And while we take into consideration humanitarian concerns and rule of law; what can the U.S. do to still ensure competitiveness in Africa?

Well for one thing, there is a dialogue between the Unites States and China on Africa. And we urge more responsible Chinese behavior, and with some success. Again, we have a multifaceted partnership with China on a whole host on different issues and different areas, and there’s a lively dialogue that goes on. If your question is: What can U.S. investors and manufactures do to become competitive within a specifically African environment? My answer to that is that they have to become more engaged in an African environment, so that they can learn where the U.S. competitive advantage rests.

It was the Hong Kong Chinese that established, made a major contribution to, the establishment of the textile industry in northern Nigeria. That in turn has collapsed because of cheap Chinese exports combined with difficulties in the power structure. And then you add to that the fact that even when companies are under Beijing’s own auspices, they don’t necessarily follow coherent policies or investment strategies.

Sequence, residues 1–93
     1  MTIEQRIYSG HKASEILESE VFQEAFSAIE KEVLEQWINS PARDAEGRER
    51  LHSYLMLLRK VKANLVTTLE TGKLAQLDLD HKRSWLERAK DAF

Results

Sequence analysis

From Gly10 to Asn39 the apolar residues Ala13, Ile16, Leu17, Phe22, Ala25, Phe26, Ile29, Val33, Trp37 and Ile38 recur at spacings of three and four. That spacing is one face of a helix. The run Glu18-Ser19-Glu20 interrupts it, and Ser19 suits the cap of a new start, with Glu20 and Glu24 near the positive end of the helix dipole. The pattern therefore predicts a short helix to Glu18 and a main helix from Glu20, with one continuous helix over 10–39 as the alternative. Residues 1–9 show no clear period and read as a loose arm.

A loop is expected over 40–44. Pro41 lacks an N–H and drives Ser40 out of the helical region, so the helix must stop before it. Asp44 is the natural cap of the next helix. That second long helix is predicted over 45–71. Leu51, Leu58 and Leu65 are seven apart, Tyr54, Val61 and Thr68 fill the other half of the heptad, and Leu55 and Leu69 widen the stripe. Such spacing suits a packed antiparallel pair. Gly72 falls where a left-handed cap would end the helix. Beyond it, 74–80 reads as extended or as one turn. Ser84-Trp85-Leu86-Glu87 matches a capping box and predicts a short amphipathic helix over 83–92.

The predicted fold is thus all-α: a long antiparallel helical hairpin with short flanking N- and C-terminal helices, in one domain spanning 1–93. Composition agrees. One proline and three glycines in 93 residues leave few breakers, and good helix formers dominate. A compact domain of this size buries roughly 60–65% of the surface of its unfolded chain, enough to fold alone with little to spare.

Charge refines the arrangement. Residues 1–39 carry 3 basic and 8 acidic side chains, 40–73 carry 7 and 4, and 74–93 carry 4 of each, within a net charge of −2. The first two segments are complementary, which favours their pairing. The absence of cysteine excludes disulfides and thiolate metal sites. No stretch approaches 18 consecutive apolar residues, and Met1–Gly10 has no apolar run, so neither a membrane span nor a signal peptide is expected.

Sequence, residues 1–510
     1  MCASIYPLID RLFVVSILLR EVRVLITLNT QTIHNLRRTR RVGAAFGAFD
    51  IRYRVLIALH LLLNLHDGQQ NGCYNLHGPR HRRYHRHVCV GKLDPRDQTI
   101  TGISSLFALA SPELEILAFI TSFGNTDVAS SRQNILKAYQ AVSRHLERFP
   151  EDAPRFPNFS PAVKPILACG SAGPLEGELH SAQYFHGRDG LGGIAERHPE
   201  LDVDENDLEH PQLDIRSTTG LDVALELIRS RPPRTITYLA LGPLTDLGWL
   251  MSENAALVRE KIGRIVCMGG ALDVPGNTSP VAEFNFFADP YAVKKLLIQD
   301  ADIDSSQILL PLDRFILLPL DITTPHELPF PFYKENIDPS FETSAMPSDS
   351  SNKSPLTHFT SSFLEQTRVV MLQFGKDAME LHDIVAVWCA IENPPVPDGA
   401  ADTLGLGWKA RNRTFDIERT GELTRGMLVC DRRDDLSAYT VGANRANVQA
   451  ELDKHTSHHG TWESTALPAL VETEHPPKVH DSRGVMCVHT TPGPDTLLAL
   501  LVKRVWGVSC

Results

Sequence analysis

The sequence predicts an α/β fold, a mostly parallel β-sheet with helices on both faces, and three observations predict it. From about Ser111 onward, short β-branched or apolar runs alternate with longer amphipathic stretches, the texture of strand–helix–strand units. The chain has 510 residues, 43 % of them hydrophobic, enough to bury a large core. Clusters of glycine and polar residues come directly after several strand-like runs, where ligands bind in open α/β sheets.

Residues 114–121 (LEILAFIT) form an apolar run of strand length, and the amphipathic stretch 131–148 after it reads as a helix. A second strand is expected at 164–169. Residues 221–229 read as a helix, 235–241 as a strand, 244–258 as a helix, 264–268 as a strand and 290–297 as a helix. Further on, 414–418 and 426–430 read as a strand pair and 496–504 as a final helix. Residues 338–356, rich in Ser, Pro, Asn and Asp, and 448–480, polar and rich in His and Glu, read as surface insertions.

Do you foresee China’s investment in Africa at all growing in the coming years, and why is that?

Yes, I think it will grow. Well, Africa has the primary products that China needs and wants. Africans are also concerned about China opening the Chinese market to a wider range of African exports, particularly manufactured items. President Zum in Beijing made that point in his public remarks. So, yes, I think the trade between the two will grow, and as the trade grows, so will Chinese investment.

The U.S. has a history of intervention in Africa, though it has been some time. Can you foresee a situation where we could have another military intervention, large scale?

No, not now. The last, sort of significant, U.S. military intervention was in Liberia, and that actually was really quite small. With respect to the Lord’s Resistance Army, I think the U.S. has contributed maybe one hundred trainers. There is only one U.S. military base in Africa, and that is in Djibouti. AFRICOM doesn’t have troops of its own; it has to borrow them from other military commands. Beyond that, in the aftermath of Iraq and Afghanistan, it’s very difficult for me to imagine that there would be the necessary political support for significant U.S. intervention in Africa. If there was an unmitigated human rights disaster or humanitarian disaster, the U.S. would certainly participate in an international effort. We always do. But, I think that’s rather different than talking about military intervention.